Each tab is named after the country abbreviation in the data to make it easy to know what’s in each sheet. And inside each sheet is data that is formatted in the same way:

## Creating the formula

If I just wanted to lookup the value for the United States’ unemployment rate from 1955, my formula would look as follows:

=VLOOKUP(1955,USA!D:E,2,FALSE)

I could replace 1955 with a cell reference. But other than that, this is in essence what the formula in its simplest form would look like. I’m looking up the USA tab as indicated by the ! symbol that comes after the sheet name. You don’t actually need to enter the ! mark. You can just type in the formula and then when you get to the lookup range, jump over to that tab and select your range — Excel will automatically add the exclamation mark for you.

While this formula works, it isn’t versatile. If I wanted to look up a different tab, I would need to change the reference, since it is hardcoded.

## Making the formula dynamic

I have created named ranges for the country and year values:

What I want to be able to do is change any one of them and for my lookup formula to extract the correct value. The key to making this work is by including the INDIRECT function. With that, I can reference the specific range I need and use a dynamic tab name. Inside the INDIRECT function, I can concatenate the country value with the range:

INDIRECT(Country&”!D:E”)

But this on its own only specifies a range. I need to include it in the lookup formula for it to work:

=VLOOKUP(Year,INDIRECT(Country&”!D:E”),2,FALSE)

‘Year’ and ‘Country’ are the named ranges that I have used above. The key thing to remember is the exclamation mark that comes afterward and the range. By doing this, now I can change my formula to automatically pull from the correct tab while also looking up the year. It avoids me having to change the formula manually every time I want to use different tabs. It returns the same value as if I were to enter it myself:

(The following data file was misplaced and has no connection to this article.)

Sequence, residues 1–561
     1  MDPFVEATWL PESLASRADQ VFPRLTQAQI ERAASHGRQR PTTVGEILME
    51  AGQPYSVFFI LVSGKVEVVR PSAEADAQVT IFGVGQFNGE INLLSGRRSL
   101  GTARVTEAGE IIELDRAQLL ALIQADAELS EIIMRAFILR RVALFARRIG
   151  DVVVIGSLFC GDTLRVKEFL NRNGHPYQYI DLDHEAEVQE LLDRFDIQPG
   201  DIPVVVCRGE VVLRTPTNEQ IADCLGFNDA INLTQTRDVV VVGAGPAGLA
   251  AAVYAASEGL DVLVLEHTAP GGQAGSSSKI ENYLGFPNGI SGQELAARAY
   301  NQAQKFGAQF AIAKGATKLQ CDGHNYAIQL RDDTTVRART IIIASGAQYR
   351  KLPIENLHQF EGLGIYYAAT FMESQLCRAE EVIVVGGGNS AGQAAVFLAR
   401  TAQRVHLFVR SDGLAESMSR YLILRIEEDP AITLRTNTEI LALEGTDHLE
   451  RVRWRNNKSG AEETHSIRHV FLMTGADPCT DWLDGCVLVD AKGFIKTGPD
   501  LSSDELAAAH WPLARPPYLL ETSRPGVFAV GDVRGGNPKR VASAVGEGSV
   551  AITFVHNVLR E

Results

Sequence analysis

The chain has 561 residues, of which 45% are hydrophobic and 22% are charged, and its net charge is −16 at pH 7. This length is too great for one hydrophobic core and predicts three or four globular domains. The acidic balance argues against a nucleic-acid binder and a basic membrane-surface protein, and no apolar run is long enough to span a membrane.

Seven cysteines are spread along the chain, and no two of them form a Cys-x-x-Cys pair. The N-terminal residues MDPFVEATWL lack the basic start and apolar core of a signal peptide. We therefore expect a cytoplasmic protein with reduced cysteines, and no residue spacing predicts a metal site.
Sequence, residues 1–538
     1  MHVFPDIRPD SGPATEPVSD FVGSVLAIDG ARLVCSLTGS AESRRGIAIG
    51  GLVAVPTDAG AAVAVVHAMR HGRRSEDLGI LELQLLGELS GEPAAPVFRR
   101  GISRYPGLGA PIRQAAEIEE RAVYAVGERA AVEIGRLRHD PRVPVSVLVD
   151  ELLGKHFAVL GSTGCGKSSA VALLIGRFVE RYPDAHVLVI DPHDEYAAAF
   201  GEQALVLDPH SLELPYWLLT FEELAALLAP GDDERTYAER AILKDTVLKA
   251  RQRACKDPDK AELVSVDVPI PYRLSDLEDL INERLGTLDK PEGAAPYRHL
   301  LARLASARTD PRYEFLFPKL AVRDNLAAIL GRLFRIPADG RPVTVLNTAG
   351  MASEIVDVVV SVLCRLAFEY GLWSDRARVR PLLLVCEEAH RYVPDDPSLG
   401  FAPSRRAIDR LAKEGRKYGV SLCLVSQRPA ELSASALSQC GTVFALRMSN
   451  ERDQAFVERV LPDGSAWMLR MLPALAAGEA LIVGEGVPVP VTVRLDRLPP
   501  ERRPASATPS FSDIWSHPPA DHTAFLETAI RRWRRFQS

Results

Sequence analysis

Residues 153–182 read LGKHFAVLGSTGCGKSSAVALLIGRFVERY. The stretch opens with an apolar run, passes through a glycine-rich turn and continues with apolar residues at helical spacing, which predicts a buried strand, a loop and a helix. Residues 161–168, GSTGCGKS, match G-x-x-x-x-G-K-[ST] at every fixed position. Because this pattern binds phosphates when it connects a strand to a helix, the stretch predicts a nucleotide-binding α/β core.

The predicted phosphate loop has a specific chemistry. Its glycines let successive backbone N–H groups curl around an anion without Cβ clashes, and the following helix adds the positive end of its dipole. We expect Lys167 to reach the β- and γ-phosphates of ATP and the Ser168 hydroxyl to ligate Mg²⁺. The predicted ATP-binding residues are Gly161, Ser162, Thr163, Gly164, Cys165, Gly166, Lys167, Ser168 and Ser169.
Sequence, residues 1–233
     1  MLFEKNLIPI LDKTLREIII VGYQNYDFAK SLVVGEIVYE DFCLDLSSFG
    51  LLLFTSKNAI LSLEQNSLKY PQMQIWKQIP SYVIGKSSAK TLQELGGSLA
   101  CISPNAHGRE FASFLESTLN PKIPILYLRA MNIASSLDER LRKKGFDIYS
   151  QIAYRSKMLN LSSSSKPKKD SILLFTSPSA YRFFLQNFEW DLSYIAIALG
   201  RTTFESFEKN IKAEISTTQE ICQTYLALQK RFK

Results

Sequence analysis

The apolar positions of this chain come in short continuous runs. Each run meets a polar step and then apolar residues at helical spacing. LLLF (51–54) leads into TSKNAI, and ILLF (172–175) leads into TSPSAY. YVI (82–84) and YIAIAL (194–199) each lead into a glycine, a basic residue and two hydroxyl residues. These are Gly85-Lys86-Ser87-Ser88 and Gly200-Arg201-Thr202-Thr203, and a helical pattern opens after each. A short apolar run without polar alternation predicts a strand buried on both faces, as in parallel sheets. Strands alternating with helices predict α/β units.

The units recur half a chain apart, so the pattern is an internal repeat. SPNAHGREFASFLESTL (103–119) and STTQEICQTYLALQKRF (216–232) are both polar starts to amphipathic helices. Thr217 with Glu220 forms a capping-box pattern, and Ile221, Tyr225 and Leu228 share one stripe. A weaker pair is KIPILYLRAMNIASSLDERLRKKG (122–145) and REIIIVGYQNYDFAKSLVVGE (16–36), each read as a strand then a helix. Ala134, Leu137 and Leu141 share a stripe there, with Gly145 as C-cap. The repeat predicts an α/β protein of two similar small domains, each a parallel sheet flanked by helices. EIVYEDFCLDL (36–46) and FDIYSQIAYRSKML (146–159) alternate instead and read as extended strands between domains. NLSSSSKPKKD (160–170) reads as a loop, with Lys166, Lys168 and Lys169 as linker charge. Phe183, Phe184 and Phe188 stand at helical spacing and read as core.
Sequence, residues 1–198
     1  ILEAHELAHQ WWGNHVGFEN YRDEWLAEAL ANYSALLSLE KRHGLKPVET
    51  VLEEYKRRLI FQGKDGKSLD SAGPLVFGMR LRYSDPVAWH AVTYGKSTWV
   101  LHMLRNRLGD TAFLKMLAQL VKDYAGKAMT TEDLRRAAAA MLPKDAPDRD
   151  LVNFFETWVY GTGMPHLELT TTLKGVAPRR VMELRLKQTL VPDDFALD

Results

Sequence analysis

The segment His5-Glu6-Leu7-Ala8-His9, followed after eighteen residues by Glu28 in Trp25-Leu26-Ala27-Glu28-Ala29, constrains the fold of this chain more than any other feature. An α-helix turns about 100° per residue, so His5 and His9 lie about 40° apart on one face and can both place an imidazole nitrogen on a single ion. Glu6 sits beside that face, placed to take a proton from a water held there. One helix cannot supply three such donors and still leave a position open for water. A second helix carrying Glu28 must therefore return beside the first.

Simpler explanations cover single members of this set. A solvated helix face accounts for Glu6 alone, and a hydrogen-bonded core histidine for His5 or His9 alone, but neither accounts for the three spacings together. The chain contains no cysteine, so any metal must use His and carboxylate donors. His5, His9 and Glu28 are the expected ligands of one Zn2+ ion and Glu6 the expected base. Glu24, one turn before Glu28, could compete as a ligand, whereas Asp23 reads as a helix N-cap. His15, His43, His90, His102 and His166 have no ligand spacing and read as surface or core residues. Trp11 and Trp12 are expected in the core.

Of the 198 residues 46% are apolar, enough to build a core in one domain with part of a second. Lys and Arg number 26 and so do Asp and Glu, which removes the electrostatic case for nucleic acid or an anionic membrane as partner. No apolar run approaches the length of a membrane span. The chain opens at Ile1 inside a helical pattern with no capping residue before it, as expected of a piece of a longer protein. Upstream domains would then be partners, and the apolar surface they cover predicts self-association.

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### 7 Ways to Fix a Slow Spreadsheet

Is your spreadsheet running slow or constantly freezing and crashing on you? There are many ways you can make it quicker and more efficient. Below, I’ll cover seven different ways you can fix some of the more common reasons your file may not running well.

## 1. Turn off calculations for the workbook

The first thing you can do is to turn off calculations. If you don’t need your data to constantly be updating, then the easiest way to ease the load of your spreadsheet is to make sure those formulas don’t keep calculating. To do this, you can go to the Formulas tab and under the Calculation group, select Calculation Options and choose Manual: